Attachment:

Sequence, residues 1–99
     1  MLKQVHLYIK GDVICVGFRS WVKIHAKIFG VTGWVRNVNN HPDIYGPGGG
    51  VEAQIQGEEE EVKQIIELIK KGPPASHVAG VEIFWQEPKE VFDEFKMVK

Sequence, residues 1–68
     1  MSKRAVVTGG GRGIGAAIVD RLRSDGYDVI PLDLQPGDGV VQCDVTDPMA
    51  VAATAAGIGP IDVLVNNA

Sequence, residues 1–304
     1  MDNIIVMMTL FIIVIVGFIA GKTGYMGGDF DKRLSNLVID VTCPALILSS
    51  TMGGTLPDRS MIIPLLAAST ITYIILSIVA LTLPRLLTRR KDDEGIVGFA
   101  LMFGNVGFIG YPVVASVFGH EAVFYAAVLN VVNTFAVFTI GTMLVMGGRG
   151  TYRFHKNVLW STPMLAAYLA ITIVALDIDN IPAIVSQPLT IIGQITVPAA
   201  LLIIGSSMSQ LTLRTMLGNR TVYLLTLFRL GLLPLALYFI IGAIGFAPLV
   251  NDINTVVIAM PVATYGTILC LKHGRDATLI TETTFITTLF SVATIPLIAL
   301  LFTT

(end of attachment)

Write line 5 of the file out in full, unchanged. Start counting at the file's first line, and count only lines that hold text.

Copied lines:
     1  MSKRAVVTGG GRGIGAAIVD RLRSDGYDVI PLDLQPGDGV VQCDVTDPMA